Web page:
The Costs and Benefits of College for an Entrepreneur

Launching a business is always a risk. And for young entrepreneurs, their path to success isn’t clear. But the long-debated question of whether an individual should jump right into running an infant business remains focused on one question: is a university education required for someone to be a successful entrepreneur?

“The short answer to your question is no,” Buck Goldstein, the entrepreneur in residence at the University of North Carolina at Chapel Hill, said in an email. “Bill Gates and Steve Jobs, among others, prove that.”

Goldstein has previously argued in a Martin Center article that entrepreneurship is an acquired mindset and series of skills developed through willingness and education. “A rigorous combination of theory and practice gives those who are willing to embark on an entrepreneurial journey a much higher likelihood of success,” he wrote. This entrepreneurial mindset is not limited to college graduates.

And the numbers reflect the success of those who skipped a traditional college route. According to a 2017 CNBC/Survey Monkey survey, small business owners without bachelor degrees outnumber those with one—56 percent of respondents only had an associate degree at most.

Yet, a college education can still be of value to budding entrepreneurs. “Certain techniques and methods and an entrepreneurial mindset can be taught, and this knowledge can be valuable,” Goldstein said. “For most people, the fear of failure and the uncertainty of entrepreneurship is too big a psychological barrier, and this has nothing to do with whether or not they have a college education. For people who can handle uncertainty, entrepreneurial training can be a help largely by helping them ask the right questions and responding decisively even when they don’t like the answers.”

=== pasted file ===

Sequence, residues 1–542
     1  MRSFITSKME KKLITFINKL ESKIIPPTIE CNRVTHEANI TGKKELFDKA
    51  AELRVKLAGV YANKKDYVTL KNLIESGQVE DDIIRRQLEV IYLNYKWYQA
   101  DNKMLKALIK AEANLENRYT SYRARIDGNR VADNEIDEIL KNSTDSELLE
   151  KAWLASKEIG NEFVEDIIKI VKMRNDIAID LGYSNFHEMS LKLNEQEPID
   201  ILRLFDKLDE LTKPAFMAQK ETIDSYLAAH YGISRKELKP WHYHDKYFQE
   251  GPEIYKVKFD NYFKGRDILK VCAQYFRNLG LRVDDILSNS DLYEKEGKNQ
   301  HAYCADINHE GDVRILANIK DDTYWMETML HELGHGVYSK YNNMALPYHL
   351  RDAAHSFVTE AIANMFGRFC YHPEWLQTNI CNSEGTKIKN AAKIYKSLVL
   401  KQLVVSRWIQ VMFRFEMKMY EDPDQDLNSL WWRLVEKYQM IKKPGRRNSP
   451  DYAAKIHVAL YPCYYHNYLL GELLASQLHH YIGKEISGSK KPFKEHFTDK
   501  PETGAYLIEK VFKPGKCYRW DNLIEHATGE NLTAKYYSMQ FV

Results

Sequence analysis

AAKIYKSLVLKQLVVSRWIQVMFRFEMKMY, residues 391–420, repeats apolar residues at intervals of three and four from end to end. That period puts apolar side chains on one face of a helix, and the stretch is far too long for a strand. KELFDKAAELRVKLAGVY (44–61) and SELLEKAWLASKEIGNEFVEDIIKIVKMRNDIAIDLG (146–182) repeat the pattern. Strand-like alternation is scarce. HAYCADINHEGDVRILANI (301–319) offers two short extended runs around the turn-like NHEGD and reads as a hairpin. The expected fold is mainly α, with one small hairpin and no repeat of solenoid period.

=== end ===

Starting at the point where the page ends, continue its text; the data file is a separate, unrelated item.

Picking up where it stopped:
For some would-be entrepreneurs, colleges can offer them business theory and practice to prepare for a career. They can teach students standard business practices and how to weigh risk and uncertainty. They can also give students opportunities to build their business skills. For instance, many universities have business seed and accelerator programs that connect business-inclined students, challenge them to start a business while they earn a degree, and then invest in the business after graduation.

Accelerator programs are similar to business incubators, which help entrepreneurs grow a new business, but accelerators do so on a much shorter time span. This approach is now common: Several hundred institutions have accelerator programs, such as the University of Pennsylvania or the Massachusetts Institute of Technology (MIT). The MIT program offers students mentoring and coaching when launching a startup, with a monthly stipend for living expenses. Other university-based programs have a similar structure. But most university accelerator programs are tight-lipped. More than a dozen of them declined requests for comment for this article.